A child’s worst fears frequently emerge right before they go to sleep, possibly causing them immense difficulty in falling asleep. If you talk to your daughter before she goes to sleep about what is bothering her, you might uncover the root of her problem. If this doesn’t work I suggest that you seek professional help, since she may be phobic about sleeping and may have something deeper bothering her that must be addressed.

Finally, you may want to ask your pediatrician if there is a medical issue that can be causing her sleeping problems. Please do whatever it takes to help your daughter get the assistance she needs. Hatzlachah!

About the Author:


If you don't see your comment after publishing it, refresh the page.

Our comments section is intended for meaningful responses and debates in a civilized manner. We ask that you respect the fact that we are a religious Jewish website and avoid inappropriate language at all cost.

If you promote any foreign religions, gods or messiahs, lies about Israel, anti-Semitism, or advocate violence (except against terrorists), your permission to comment may be revoked.

No Responses to “Getting Your Children To Sleep”

Comments are closed.

SocialTwist Tell-a-Friend

Current Top Story
Ari Ne'eman, founder of Autistic Self-Advocacy Network, recipient of the Ruderman Award for Inclusion, 2015.
Founder of Autism Self-Advocacy Org. Wins Ruderman Prize in Inclusion
Latest Sections Stories
Baim-012315

Does standing under the chuppah signal the end of our dream of romance and beautiful sunsets?

Twenties-012315

We aren’t at a platform; we are underground, just sitting there.

Dr. Esther Rose Lowy

Dr. Lowy believed passionately in higher education for both men and women and would stop at nothing to assist young students in achieving their educational goals.

It’s almost pointless to try to summarize all of the fascinating information that Holzer’s research unearthed.

The special charm of these letters is their immediacy and authenticity of emotion and description.

Why is there such a steep learning curve for teachers? And what can we, as educators and community activists, do better in the educational system and keep first-year teachers in the job?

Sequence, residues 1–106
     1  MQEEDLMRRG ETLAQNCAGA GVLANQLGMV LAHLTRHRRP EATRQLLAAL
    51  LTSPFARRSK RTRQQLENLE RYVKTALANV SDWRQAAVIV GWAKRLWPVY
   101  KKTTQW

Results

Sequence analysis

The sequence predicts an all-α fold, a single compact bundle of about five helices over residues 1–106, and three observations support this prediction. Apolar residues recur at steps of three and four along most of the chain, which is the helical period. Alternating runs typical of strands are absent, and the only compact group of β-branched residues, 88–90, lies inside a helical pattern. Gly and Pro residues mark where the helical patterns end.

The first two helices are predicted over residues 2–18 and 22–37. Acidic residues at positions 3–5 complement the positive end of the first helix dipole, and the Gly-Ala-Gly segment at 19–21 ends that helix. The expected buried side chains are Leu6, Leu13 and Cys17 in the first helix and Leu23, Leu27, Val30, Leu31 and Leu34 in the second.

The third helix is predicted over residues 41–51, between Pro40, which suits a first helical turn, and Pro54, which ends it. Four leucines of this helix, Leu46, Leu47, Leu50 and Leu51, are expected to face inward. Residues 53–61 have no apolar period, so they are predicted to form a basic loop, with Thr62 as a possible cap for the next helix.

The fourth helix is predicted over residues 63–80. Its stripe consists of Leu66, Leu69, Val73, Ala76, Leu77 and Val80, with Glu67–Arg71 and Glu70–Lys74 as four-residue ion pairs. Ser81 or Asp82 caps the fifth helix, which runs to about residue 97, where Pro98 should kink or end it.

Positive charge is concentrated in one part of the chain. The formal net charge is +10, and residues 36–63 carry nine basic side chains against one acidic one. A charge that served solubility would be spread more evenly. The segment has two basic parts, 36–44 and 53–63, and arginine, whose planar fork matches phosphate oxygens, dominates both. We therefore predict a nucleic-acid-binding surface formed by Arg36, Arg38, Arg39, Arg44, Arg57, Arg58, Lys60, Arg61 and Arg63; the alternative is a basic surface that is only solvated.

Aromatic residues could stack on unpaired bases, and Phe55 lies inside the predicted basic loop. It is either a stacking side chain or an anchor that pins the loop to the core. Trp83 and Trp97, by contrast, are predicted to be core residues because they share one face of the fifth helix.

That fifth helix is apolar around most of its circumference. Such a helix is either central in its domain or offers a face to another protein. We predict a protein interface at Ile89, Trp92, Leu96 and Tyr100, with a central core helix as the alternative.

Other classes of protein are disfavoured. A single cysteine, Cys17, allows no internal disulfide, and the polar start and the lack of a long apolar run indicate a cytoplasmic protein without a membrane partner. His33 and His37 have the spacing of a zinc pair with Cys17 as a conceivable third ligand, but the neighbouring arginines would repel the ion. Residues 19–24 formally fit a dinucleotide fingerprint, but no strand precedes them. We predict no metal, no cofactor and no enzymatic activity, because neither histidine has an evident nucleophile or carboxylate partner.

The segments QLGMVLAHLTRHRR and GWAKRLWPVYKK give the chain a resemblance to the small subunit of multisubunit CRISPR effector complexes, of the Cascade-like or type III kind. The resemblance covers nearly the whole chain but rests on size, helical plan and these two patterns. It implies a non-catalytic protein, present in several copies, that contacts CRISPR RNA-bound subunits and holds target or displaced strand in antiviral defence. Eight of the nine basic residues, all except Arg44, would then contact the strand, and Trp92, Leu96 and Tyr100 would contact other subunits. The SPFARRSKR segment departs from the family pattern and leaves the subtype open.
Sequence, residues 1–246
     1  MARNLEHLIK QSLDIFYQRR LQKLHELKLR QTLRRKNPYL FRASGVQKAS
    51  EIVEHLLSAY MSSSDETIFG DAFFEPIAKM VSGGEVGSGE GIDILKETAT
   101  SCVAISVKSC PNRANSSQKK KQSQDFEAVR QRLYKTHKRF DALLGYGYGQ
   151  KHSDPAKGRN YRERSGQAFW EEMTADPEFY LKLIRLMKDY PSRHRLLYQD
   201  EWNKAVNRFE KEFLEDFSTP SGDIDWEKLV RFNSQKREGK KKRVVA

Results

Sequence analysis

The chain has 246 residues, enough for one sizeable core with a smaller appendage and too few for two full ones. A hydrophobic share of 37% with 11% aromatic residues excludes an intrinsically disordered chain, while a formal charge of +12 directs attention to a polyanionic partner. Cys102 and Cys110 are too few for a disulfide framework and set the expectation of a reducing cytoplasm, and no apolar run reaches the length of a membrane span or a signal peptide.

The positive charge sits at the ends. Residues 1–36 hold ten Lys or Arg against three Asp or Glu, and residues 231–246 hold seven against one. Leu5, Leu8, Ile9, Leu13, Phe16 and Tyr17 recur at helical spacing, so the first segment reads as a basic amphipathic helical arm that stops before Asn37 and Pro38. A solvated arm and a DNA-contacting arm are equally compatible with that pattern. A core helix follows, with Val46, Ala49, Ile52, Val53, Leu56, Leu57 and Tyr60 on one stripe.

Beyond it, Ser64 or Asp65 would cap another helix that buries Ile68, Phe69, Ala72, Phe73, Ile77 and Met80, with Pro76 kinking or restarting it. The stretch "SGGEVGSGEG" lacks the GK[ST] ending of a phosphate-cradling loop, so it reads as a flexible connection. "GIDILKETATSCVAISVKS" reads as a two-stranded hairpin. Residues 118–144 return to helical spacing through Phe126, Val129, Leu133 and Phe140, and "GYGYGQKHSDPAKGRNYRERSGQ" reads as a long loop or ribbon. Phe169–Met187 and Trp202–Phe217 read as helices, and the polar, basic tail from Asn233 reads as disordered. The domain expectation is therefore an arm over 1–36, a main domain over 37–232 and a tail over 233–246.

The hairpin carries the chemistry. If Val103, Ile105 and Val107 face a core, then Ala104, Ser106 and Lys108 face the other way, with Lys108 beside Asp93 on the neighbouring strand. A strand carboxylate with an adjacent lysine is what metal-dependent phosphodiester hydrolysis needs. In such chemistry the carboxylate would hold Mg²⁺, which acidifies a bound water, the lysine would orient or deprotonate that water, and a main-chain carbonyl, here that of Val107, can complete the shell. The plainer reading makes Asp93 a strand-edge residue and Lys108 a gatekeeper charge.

Teachers, as well as administrators, must be actively involved in the daily prayers that transpire at a school and must set the bar as dugmaot ishiot, role models, on how one must daven.

Often both girls and boys compare their date to their parents.

We love the food, the hotels, and even the wildlife. We love the Israelis.

Few traces remain of the glory days of Jewish life in the kingdoms of Sicily and Naples, but the demise wasn’t due to the eruption of nearby Mount Vesuvius. Rather it was a manmade volcano called the Edict of Expulsion from Spain – and not even an invitation to return in Shevat of 1740 could […]

Garbage in your streets, my city
Wind-blown litter, lonely men

I love you in your blazing heat
my aching feet
dragging in your streets.

These monsters constantly attack
When we dare to try to fight back

More Articles from Dr. Yael Respler
Respler-011615

Often both girls and boys compare their date to their parents.

Respler-logo-NEW

The Moroccan wife’s chief pride is showing that she ought to win the prize for the most attentive and solicitous spouse and mother.

Both parties need to become more tolerant of one another.

I think a major problem within the “single” community is the pressure to get married ASAP.

How many potential shidduchim are not coming about because we, the mothers, are not allowing them to go through?

I so desperately want to have a loving relationship with my stepsons.

Isn’t there anyone making a simcha who understands that loud music can cause hearing loss?

My mother thinks of herself as a superior person, has very little feelings for other people, and probably suffers from a deep lack of self-esteem.

Printed from: http://www.jewishpress.com/sections/family/parenting-our-children/getting-your-children-to-sleep/2012/04/26/

Scan this QR code to visit this page online: